Language centers are places where students can get extra help, or take courses in, certain languages. Various schools have various mandates: most offer English-as-a-second-language training, others specialize in French, and still others offer foreign languages instruction.
English as a second language
As English is one of the official languages of Canada, proven proficiency in English is necessary to enroll in most degree programs. Many schools now offer training and courses for students whose first language is not English. These are non-credit programs and courses designed to develop English language skills in an academic setting that enhances student preparation for university study.
Generally, these programs are several months long and involve intense immersion in the English language. Students often live with English sponsors and speak only English outside of their peer group. In the classroom, the focus is on both conversational and written English, and includes exercises designed to allow them to understand and succeed in subsequent undergraduate or graduate programs they may ultimately be interested in.
Placement tests are also offered by these language centers. These are computer based and test the student's ability in reading, writing, listening and speaking. For students who need to demonstrate English proficiency but don’t need to take a program, passing this test will often be sufficient.
ESL tuition fees
ESL training, while not usually counting for degree credit (although you can gain a certificate of completion), still incurs tuition fee costs. These fees are separate from “regular” tuition fees and can cost more than $400 per week.
Modern language training
The language center is also a place where students can learn other non-English languages, such as French, Arabic, Mandarin, or Russian. Very often these departments will be physically housed within the language center. These courses can either be for credit (and taken by many degree students, either as an elective, or as their major), or for no credit (usually taken by continuing education students who wish to upgrade their foreign language skills for personal reasons).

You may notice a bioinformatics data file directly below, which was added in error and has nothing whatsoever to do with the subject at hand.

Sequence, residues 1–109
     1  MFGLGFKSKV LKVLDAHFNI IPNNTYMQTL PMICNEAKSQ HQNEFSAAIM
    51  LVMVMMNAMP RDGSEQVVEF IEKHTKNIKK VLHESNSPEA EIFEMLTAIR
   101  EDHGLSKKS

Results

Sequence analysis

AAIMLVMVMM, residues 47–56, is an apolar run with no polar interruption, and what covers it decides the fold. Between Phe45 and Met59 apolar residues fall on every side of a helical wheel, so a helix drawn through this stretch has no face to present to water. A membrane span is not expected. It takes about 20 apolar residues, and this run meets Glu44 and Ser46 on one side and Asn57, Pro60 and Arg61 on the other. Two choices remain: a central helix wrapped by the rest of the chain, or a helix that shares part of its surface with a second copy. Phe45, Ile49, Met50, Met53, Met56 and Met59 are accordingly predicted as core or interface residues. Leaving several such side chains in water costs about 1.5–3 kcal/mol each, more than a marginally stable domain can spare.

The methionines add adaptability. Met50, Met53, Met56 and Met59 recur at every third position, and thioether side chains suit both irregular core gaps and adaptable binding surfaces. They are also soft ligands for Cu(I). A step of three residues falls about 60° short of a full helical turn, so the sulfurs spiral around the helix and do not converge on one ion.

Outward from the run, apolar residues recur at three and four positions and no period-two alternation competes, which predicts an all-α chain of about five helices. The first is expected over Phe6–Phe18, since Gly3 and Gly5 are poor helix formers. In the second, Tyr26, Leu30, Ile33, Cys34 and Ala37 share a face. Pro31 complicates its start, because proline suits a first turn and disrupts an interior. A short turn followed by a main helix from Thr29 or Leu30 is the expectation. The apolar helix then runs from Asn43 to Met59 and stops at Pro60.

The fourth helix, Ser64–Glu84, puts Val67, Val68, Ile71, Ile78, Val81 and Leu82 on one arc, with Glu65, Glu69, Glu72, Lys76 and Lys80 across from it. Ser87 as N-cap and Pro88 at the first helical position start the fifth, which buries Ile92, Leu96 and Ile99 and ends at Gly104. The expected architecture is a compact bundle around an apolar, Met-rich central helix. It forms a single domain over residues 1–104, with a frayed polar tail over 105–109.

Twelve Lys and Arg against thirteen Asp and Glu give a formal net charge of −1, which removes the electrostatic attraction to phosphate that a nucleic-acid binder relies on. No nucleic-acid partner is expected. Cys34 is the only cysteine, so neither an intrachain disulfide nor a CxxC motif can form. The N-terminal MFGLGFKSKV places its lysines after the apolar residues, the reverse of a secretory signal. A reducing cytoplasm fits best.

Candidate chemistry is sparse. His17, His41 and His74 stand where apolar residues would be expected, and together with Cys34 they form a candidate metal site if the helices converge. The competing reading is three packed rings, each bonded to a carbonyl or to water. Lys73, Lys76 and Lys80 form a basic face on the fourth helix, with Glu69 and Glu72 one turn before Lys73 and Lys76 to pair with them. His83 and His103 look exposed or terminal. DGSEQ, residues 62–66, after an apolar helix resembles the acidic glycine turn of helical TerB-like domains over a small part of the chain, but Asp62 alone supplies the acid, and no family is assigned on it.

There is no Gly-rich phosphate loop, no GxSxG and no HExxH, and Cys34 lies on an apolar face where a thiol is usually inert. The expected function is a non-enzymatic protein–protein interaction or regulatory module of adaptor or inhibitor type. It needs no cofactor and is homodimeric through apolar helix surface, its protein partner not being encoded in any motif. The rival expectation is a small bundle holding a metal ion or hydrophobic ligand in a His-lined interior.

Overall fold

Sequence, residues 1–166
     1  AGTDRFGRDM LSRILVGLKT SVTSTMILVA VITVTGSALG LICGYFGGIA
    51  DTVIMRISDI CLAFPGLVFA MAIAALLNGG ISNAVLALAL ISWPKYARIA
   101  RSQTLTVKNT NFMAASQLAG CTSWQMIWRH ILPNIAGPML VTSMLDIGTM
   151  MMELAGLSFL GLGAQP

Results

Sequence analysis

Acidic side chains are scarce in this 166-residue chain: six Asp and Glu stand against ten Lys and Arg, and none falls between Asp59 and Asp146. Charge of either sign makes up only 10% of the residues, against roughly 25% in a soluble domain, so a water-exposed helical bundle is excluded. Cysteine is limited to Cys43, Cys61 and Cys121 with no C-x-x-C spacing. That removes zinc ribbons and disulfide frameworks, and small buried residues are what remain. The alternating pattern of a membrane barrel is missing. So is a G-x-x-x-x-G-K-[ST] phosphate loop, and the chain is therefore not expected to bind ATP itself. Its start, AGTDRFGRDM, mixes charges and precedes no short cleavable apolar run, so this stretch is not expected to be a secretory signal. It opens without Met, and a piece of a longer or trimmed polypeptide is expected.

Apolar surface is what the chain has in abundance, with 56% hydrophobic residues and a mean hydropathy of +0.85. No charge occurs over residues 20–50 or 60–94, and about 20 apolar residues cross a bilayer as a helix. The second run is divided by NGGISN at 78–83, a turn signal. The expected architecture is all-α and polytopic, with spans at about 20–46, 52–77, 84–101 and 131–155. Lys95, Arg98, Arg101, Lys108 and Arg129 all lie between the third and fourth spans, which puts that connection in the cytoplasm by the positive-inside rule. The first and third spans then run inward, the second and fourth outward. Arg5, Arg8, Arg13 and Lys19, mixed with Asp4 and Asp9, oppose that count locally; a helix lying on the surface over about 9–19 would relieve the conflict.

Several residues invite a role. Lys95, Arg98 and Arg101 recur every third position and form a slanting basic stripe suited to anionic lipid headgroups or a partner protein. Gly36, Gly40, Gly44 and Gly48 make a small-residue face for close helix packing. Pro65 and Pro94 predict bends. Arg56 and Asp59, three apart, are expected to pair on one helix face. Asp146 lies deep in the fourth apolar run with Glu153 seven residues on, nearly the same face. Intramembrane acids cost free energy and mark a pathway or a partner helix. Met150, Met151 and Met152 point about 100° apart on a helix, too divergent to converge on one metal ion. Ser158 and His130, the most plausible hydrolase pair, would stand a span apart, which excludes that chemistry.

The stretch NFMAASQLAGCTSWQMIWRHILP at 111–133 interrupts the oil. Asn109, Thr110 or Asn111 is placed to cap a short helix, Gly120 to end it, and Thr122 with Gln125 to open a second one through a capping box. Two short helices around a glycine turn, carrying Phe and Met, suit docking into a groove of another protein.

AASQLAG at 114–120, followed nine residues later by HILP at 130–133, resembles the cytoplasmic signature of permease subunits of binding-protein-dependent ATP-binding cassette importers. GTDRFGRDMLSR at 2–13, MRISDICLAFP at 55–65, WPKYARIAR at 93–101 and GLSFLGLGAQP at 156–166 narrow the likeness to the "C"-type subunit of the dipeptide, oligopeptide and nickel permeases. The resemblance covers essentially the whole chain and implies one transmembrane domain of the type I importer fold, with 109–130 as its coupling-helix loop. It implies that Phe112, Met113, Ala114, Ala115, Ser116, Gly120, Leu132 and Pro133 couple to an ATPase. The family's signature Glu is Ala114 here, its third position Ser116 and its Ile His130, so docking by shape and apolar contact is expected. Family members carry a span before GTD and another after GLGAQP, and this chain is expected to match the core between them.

Some language centers also house language laboratories, which are places where students of foreign languages can work on audio-visual and computer programs. These are usually supplemental to actual classroom learning. Supplemental library, reference, and archival materials related to the various modern languages (old texts, dictionaries, etc.) studied at that school are also housed in the language center. Accessing these materials is generally free for students.
In addition to actual language learning, language centers also focus on other aspects. This includes studies in linguistics, the methodology and organization of classroom instruction, that school’s language education policies, program evaluations, and teacher development. Issues related to bilingualism, multilingualism, cultural diversity, and literacy are also developed here.
Language writing center
The school’s language center will often house (or be affiliated with) the school’s writing center. Writing tutors will aid with writing-related issues such as spelling, grammar, editing, and essay writing styles. Special workshops and presentations aimed at improving writing style are also periodically offered.
Honors and graduate students will often use the writing center when it comes time to write their thesis. They can get help on the technicalities of writing a thesis (eg. grammar), and also on various writing styles and which are appropriate for a thesis-based work.